Note that employers want (a) your best efforts as an employee and (b) to prevent trade secrets and other confidential information being shared with actual or potential competition. Freelancing as a software developer raises concerns that you’re slacking off as an employee to make money elsewhere plus potentially leaking valuable information.

But what if there’s no legal restriction on moonlighting? How should you proceed?

First, it’s a good idea to avoid freelancing for your employer’s competitors. To do so can create a mess where you end up fired, lose your freelance gig, and there’s a nasty lawsuit.

To add an additional layer of protection, consider setting up a single member limited liability company (LLC) or similar entity that will contract for your freelance software development projects instead of signing the contracts as an individual.

Of course, you’ll want to use a professionally prepared software development agreement template for your freelance gigs. Get it from an experienced software lawyer. Don’t “borrow” someone else’s agreement to use for your projects because it won’t contain all of the terms designed to protect you (and may actually contain provisions that hurt you) plus you may be engaging in intellectual property theft without the right to use the contract.

If you need help putting the right legal documents in place to work as a freelance software developer, the first step is to set up a phone consultation with Software Lawyer Mike Young.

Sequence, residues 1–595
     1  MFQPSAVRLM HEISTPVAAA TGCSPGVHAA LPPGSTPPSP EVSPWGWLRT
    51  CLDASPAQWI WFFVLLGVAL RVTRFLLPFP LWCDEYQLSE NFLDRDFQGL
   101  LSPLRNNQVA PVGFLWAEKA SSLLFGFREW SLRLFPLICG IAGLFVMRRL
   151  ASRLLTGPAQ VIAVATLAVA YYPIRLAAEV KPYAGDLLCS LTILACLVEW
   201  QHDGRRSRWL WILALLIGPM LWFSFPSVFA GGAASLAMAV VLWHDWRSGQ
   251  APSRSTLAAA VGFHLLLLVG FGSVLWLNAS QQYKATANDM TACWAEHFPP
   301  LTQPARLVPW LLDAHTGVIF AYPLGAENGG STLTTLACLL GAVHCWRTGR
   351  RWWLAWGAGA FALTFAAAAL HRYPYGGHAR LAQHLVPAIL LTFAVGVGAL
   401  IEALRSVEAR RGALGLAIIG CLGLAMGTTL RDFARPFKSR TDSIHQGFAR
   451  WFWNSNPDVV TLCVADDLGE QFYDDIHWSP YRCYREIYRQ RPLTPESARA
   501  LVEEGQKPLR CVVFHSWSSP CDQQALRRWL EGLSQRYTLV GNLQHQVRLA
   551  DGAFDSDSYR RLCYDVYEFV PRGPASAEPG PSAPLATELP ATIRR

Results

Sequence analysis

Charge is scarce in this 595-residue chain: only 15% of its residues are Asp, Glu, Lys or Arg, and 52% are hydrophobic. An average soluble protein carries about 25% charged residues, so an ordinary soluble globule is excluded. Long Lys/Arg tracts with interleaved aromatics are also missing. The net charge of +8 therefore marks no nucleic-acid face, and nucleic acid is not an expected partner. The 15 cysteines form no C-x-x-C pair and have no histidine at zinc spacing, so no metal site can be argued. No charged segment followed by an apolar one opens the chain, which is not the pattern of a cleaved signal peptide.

Has Your Business Contract Expired?

By Business Contracts, Business Lawyer
business contract

Many business contracts end but the parties who signed them don’t realize it and continue to do business as if the agreement still existed.

This can create legal disputes that lead to expensive lawsuits when one party suddenly decides to walk away and quit performing (e.g., stopping payment). That’s true whether the agreement is between business and consumer (b2c) or two businesses (b2b).

Ideally, you’ll have some sort of tickler system in place that lets you know when each contract’s current term ends and what you need to do prior to the end of that term.

Now it’s true some agreements are set up to renew. That can be for an additional term of the same length. However, how it renews can vary.

For example, a contract can auto-renew unless one of the parties provides XX days prior notice to the other party of an intent not to renew. Or it can be set up that both parties must affirmatively state they want to renew the contract (often on the same terms and conditions with a possible price adjustment).

There are also business contracts (e.g., gym membership contracts) that are commonly set up to convert to a month-to-month agreement upon expiration of the initial term.

When you’re reviewing your agreements to determine what you must do, a good place to start are the “term and termination provisions” plus the “notice” provisions. Note that there may be a separate section for early termination. And you’ll want to know what that requires too.

Now if you need help with your business contracts (not disputes), set up a phone consultation with Business Lawyer Mike Young.N